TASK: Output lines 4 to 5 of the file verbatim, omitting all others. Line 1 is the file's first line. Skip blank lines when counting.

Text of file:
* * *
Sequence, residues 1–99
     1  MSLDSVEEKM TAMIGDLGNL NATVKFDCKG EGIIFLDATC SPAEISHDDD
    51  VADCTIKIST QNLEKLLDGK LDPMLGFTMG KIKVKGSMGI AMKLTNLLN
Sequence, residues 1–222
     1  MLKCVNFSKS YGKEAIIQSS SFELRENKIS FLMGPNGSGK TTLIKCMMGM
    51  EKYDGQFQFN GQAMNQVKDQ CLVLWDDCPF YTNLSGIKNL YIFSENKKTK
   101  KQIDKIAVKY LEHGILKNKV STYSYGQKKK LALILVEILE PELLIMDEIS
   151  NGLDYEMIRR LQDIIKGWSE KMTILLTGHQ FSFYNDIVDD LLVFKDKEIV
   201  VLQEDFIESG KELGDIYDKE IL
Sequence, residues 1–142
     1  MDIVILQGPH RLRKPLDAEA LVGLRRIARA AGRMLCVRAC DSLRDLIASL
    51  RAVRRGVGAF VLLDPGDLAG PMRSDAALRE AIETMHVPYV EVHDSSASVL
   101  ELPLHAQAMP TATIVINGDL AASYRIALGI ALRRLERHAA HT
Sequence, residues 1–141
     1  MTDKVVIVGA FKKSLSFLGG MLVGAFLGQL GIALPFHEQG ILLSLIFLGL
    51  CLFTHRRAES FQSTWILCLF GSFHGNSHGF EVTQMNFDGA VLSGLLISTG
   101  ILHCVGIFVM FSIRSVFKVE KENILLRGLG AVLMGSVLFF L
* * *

Sequence, residues 1–222
     1  MLKCVNFSKS YGKEAIIQSS SFELRENKIS FLMGPNGSGK TTLIKCMMGM